Reblogged from the Field Museum web site:
The Ancient Americas
Opens March 9, 2007
Step into the windswept world of Ice-Age mammoth hunters. Walk through a replica of an 800-year-old pueblo dwelling and imagine your entire family cooking, eating, and sleeping in one small room. Explore the Aztec empire and its island capital, Tenochtitlan, a city of more than 200,000 people and an extraordinary feat of engineering for any era. Discover what Field Museum scientists and others have learned about the Americans who lived here before us, and how it’s changing nearly everything we thought we knew!
The Field Museum’s ground-breaking new exhibition, The Ancient Americas, takes you on a journey through 13,000 years of human ingenuity and achievement in the western hemisphere, where hundreds of diverse societies thrived long before the arrival of Europeans. In this 19,000-square-foot permanent exhibition you’ll live the epic story of the peopling of these continents, from the Arctic to the tip of South America. Discover how and why the early Americans developed farming, created new forms of artistic expression, and forged mighty empires. See more than 2,200 artifacts, amazing reconstructions, and dozens of videos and interactive displays, and come to understand the ingenuity with which ancient peoples met the challenges of their times and places…as we meet ours today.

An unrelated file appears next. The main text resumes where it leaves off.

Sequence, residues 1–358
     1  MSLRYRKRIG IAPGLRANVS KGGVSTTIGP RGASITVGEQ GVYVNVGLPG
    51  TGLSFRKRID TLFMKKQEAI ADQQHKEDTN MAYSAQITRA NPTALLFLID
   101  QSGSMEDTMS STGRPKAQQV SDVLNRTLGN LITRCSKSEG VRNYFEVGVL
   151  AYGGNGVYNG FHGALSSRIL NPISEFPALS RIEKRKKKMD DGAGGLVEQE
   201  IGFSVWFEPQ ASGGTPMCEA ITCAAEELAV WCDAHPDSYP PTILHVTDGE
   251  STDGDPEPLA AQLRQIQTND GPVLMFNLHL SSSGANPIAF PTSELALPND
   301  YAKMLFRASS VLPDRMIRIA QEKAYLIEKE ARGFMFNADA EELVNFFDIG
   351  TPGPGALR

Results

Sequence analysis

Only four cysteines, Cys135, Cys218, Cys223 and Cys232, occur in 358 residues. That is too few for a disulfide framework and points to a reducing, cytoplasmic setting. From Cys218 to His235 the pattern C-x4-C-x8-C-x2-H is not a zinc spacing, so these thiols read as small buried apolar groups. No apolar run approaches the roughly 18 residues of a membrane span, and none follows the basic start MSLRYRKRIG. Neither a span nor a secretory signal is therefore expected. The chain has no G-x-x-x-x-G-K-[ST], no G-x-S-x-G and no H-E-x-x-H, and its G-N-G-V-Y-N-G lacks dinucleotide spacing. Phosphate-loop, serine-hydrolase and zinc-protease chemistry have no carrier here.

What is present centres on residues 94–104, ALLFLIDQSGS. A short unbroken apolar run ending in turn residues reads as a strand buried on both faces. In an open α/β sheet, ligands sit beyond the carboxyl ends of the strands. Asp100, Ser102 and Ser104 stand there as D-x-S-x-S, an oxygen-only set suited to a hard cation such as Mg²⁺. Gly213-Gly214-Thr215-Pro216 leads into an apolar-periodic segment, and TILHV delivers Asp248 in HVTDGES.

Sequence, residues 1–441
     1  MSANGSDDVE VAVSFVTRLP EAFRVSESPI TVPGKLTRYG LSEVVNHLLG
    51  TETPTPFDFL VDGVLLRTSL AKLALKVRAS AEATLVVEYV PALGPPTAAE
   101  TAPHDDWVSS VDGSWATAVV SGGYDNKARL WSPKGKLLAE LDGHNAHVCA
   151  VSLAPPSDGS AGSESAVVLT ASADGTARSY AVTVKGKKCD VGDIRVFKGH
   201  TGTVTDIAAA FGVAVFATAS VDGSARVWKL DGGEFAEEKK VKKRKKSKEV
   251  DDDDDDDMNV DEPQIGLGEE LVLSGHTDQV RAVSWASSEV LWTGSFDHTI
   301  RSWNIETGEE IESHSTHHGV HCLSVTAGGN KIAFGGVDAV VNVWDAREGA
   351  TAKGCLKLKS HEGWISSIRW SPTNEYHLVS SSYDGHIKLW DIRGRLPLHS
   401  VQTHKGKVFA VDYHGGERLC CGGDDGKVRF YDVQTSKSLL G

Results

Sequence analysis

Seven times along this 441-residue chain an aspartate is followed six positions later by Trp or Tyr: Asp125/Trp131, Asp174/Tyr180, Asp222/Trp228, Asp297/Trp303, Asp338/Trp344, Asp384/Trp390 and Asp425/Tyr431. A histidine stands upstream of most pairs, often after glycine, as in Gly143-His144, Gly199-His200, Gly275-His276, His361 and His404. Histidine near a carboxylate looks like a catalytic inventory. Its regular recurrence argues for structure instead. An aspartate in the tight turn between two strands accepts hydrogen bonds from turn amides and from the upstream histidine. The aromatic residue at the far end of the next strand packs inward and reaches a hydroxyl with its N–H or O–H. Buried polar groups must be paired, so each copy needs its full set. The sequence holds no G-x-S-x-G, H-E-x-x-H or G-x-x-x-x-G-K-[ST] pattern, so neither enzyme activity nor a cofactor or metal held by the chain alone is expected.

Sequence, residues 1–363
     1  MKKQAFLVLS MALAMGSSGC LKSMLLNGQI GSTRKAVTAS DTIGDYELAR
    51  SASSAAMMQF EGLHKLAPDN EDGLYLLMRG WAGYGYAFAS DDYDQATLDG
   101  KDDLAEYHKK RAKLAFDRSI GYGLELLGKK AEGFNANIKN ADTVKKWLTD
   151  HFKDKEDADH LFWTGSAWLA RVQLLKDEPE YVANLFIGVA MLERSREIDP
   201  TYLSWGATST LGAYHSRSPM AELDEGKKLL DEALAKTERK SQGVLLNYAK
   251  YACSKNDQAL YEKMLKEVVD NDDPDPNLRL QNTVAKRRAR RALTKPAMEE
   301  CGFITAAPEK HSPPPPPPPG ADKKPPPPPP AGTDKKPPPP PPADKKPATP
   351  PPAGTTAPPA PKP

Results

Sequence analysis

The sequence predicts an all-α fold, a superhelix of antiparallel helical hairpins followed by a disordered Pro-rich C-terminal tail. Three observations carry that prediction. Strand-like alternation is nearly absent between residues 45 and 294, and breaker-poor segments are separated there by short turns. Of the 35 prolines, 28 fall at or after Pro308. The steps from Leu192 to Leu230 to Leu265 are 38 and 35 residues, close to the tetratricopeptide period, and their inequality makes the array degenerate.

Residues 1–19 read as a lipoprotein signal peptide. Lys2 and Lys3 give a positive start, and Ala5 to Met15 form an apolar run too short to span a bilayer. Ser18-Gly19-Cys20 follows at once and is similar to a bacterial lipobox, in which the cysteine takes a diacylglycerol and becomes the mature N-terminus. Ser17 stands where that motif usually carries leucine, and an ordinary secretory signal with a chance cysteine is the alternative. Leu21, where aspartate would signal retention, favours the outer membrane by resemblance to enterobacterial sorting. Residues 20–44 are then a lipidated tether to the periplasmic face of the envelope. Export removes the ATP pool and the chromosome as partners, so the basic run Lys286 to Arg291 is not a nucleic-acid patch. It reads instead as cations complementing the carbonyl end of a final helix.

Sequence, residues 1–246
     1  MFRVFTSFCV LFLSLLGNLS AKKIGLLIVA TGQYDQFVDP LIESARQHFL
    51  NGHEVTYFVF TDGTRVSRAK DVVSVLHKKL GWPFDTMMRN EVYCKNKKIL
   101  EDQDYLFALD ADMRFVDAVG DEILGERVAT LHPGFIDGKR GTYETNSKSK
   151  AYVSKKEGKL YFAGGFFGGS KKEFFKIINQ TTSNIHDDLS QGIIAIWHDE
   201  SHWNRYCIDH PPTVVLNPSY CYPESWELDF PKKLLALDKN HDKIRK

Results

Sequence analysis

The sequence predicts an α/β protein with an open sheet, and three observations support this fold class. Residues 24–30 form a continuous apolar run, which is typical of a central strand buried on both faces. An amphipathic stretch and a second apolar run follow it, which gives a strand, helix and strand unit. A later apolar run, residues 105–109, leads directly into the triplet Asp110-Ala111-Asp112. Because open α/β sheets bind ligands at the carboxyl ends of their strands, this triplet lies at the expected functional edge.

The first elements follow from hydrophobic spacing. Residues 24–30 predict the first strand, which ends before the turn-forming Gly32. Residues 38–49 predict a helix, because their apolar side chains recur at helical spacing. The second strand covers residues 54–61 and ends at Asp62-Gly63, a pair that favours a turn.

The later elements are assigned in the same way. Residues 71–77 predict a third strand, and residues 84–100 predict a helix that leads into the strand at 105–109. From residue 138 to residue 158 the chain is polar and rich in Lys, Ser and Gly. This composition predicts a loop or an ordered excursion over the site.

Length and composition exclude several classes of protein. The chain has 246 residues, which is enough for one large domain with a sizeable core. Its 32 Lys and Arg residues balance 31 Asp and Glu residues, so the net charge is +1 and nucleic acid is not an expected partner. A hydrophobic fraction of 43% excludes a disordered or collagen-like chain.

The Ancient Americas is made possible by the McCormick Tribune Foundation. The Farming Villagers Gallery is presented by the Abbott Fund. The Innovators Gallery is presented by ITW Foundation.
An interview with Gary Feinman (curator of Middle American Anthropology) and Jonathan Haas (MacArthur Curator, Anthropology of the Americas) appears in the Spring 2007 issue of In the Field.